IAEA: Traces of Uranium Found in Syrian Reactor

Traces Weren't Included in Previous Declarations on Inventory

It was much ado about very little in Syria again today as the International Atomic Energy Agency (IAEA) announced that it had found trace amounts of uranium inside the nation’s Miniature Neutron Source Reactor (MNSR) which were not included in the nation’s previous declarations regarding their inventory.

The IAEA report says it detected “manmade” uranium particles in the MNSR, a small research reactor located in Damascus. The reactor was obtained from the Chinese government and operates using enriched uranium.

The IAEA admitted that it was not clear whether or not there was any link between this and a handful of particles discovered during the visit to a Syrian site attacked by the Israeli military, which the US has alleged was a yet to be completed gas-graphite reactor.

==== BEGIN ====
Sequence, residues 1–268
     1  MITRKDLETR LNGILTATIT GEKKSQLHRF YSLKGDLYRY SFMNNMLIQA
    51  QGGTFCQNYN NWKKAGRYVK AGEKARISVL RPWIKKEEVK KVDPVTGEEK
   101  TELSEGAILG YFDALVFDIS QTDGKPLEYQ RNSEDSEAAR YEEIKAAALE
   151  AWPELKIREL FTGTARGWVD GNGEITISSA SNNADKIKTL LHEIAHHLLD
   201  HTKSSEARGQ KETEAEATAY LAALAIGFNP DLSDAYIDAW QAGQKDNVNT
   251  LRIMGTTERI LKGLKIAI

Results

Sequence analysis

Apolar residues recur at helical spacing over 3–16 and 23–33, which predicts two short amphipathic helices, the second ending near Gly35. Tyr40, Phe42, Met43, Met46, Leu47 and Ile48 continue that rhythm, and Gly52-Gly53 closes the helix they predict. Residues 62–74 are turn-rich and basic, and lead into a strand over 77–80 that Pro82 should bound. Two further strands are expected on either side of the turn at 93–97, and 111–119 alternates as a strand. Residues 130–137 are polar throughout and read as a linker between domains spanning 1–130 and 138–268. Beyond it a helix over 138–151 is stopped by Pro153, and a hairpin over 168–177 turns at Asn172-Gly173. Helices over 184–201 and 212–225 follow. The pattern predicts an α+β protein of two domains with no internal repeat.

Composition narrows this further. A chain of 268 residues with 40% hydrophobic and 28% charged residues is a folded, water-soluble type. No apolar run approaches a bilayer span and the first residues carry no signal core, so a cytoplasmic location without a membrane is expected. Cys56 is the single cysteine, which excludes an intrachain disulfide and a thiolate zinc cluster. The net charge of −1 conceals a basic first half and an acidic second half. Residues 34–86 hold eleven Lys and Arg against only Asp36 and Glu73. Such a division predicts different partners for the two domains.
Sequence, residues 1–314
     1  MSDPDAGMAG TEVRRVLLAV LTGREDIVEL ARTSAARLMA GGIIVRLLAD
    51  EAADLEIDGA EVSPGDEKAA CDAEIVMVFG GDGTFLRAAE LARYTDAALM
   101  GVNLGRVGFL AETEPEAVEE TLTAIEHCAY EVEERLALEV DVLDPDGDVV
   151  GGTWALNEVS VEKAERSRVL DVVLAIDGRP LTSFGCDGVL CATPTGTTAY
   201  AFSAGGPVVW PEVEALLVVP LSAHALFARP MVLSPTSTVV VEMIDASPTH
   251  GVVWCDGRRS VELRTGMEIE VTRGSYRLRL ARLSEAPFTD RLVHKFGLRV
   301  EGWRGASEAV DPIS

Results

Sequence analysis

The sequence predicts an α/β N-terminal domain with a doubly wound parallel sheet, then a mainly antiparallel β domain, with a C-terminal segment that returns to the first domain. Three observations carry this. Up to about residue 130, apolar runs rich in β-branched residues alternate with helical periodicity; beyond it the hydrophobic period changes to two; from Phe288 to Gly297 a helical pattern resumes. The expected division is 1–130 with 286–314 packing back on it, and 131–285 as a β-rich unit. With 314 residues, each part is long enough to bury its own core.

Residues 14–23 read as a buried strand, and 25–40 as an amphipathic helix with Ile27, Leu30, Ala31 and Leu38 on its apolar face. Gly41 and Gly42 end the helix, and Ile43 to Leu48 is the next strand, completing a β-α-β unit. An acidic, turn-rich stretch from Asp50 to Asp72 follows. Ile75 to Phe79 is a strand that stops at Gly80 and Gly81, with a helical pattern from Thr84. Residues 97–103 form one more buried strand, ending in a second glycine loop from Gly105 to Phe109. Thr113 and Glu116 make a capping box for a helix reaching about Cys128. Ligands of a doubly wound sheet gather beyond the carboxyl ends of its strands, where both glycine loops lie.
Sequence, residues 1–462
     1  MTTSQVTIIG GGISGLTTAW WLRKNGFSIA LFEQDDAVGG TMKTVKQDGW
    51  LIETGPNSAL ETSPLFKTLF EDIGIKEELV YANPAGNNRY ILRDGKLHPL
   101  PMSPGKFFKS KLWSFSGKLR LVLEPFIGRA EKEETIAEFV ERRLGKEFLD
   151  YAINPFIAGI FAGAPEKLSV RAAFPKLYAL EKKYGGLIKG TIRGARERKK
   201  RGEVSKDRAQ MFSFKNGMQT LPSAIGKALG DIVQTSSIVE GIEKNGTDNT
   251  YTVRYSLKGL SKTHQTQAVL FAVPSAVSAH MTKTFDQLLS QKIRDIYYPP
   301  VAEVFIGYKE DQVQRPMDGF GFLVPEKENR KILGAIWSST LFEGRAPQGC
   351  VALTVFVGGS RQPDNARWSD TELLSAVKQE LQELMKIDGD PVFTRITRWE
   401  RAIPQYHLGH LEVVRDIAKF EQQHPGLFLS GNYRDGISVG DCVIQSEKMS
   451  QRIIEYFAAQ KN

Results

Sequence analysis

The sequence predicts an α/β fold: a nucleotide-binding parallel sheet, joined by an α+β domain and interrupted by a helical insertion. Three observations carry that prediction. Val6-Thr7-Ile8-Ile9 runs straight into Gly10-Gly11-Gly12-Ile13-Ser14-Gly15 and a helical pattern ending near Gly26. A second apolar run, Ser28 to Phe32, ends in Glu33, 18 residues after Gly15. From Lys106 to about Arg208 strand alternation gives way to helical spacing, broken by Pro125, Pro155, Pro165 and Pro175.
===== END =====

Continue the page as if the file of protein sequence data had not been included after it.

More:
Still, the paucity of information was not enough to prevent speculation that the nation was running tests at the MNSR related to the alleged facility. The IAEA has requested further clarification, but ultimately has no definitive evidence of any wrongdoing.

Author: Jason Ditz

Jason Ditz is Senior Editor for Antiwar.com. He has 20 years of experience in foreign policy research and his work has appeared in The American Conservative, Responsible Statecraft, Forbes, Toronto Star, Minneapolis Star-Tribune, Providence Journal, Washington Times, and the Detroit Free Press.